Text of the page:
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 ::  Abstract
 ::  Introduction
 ::  Case report
 ::  Discussion
 ::  References

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Year : 1989  |  Volume : 35  |  Issue : 4  |  Page : 235-6

Paratesticular myxoliposarcoma--(a case report).

Correspondence Address:
N U Ranadive

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Source of Support: None, Conflict of Interest: None

PMID: 0002641529

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 :: Abstract 

A rare case of paratesticular myxoliposarcoma spreading to the inguinal region forming satellite nodules, hence clinically mimicking a metastatising testicular malignancy is reported. Its prognostic factors are discussed.

Keywords: Case Report, Human, Liposarcoma, pathology,Male, Middle Age, Testicular Neoplasms, pathology,

How to cite this article:
Ranadive N U, Varty P P, Doshi G C, Gupte D M. Paratesticular myxoliposarcoma--(a case report). J Postgrad Med 1989;35:235

How to cite this URL:
Ranadive N U, Varty P P, Doshi G C, Gupte D M. Paratesticular myxoliposarcoma--(a case report). J Postgrad Med [serial online] 1989 [cited 2023 Sep 21];35:235. Available from:

 :: Introduction Top

Among the different variants of liposarcomas, myxoliposarcoma has a favourable prognosis.[1] By and large, liposarcomas are sarcomatous tumours, well encapsulated and have distinct lobular pattern. Occasionally, small lobules may be separated from the main tumour mass and result in satellite nodules. The reported cases of paratesticular liposarcoma are very few,[2],[3] and hence the present communication.

 :: Case report Top

A 50 year old male presented with painful left inguinal swelling of one month's duration. He had undergone left herniorrhaphy 15 years back On physical examination he was found well built, moderately nourished with a spherical (8 cm diameter), immobile tender swelling in the left inguinal region. Another nontender, hard, non-transilluminant, intrascrotal swelling, growing gradually over a period of 6 months. was also noticed, of which the patient was not worried. Routine haematological arid urine investigations were within normal limits. The patient was explored with a provisional diagnosis of obstructed hernia and chronic haematocoele. On exploration, a well capsulated fleshy mass adhering to spermatic cord and extending into the scrotum was noticed, alongwith small nodules in the superficial inguinal region. An orchideetomy was performed alongwith the excision of intra-scrotal and inguinal masses, considering a possibility of metastatic testicular malignancy. The plane of cleavage could be achieved easily. The extratesticular tumour mass (800 gm) was lobulated, and yellowish white in colour with myxoid areas. 'The epididymis was replaced by the tumour [Fig, 1]. The discrete nodules (1 cm x 1 cm) had similar appearance.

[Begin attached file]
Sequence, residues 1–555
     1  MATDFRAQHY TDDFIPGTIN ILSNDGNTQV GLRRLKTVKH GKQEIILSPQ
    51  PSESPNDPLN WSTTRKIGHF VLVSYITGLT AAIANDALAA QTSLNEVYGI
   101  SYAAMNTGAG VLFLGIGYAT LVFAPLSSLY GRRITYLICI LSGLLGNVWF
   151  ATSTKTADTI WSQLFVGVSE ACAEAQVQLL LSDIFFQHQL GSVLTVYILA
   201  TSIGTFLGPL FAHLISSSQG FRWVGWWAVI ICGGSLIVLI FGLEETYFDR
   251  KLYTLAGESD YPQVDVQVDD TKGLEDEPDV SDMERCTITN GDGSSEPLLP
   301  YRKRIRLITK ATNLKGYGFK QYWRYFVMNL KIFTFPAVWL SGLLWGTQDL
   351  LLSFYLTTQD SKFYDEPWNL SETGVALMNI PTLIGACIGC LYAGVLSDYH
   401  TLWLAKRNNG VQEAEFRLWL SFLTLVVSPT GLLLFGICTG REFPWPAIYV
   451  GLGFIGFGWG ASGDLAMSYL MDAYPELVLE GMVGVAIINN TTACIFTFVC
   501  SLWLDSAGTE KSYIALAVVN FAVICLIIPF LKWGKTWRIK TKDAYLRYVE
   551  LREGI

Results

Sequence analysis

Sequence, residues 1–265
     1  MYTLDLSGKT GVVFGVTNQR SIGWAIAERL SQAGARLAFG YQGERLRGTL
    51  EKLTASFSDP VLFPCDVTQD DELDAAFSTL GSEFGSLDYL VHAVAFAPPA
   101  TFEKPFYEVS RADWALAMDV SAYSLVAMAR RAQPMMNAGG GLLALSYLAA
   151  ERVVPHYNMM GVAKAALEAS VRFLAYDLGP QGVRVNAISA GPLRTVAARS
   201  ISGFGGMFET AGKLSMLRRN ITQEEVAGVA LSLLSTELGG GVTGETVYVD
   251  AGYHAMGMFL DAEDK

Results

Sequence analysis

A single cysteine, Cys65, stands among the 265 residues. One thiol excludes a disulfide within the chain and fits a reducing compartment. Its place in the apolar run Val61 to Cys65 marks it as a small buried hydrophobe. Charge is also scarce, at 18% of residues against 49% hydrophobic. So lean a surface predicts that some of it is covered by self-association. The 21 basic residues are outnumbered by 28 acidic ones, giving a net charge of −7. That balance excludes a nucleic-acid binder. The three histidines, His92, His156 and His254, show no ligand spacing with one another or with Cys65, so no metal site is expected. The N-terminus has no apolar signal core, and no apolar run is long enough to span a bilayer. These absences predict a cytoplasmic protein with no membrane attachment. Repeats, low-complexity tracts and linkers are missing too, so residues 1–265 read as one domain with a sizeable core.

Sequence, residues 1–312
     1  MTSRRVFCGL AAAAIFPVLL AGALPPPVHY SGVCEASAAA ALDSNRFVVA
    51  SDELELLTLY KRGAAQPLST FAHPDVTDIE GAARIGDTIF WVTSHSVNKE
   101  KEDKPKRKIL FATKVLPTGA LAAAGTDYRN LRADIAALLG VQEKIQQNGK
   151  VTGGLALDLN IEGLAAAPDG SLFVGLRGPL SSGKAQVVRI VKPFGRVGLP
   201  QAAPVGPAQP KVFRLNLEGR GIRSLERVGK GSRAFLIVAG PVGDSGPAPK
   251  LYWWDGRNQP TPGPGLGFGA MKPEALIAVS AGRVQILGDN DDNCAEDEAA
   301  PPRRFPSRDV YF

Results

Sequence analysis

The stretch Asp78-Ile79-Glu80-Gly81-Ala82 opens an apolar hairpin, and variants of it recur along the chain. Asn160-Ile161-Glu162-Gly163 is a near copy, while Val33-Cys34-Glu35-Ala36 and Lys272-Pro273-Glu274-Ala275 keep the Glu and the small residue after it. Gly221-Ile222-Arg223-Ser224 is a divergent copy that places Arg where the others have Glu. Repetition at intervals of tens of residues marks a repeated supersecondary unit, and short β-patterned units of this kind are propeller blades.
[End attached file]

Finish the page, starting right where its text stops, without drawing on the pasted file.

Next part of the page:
On histological examination of the specimens, tumour cells showed signet ring cells alongwith spindle shaped cells interspersed in loose myxoid stroma. There were a few mitotic figures and presence of multinucleate giant cells. The oil red O' stain was carried out to confirm the diagnosis of liposarcoma. [Fig. 2].

 :: Discussion Top

The intrascrotal sarcomas arise from the mesenchymal tissue of the spermatic cord, testicular tunicas or epididymis.2 In the present case the tumour was either arising from the spermatic cord or the epididymis. The observation of satellite nodules in the inguinal region alongwith discrete nodules adhering to the main mass are consistent with the behaviour of liposarcoma. A metastasic testicular tumour was suspected because of the previous hernia surgery. Myxoid liposarcomas account for 40-50% of all liposarcomas and the survival depends both on the histological appearance as well as their anatomical location.[2],[3] Out of paratesticular liposarcoma, 60% have 5 year survival rate; the myxoid variety has much favourable course.[1] Though complete excision appears to be an adequate treatment, a close follow-up is essential, as a possibility of multicentric origin cannot be denied in the present case. An occurrence of visceral metastasis 10-15 years after the initial therapy was observed in myxoid variety which is consistent with the possibility of multicentricity of this tumour.[1]

 :: References Top

1.Enzinger, F. M. and Weiss, S. M.: Liposarcoma. In. "Soft Tissue Tumours", The, C. V. Mosby Company, London, 1983, pp. 242-280.  Back to cited text no. 1    
2.Gerber, W. L.: Scrotal malignancies: the University of Iowa experience and a review of the literature. Urology, 26: 337-342, 1985.  Back to cited text no. 2    
3.Mostofi, F. K. and Price, E. B.: Tumors of fatty tissue. In, "Tumors of the Male General System." Atlas of Tumor Pathology, second series, Fascicle 8, Editor: H. I. Firminger. Armed Forces Institute of Pathology, Washington D.C., 1973. pp. 166-167.  Back to cited text no. 3    


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Online since 12th February '04
2004 - Journal of Postgraduate Medicine
Official Publication of the Staff Society of the Seth GS Medical College and KEM Hospital, Mumbai, India
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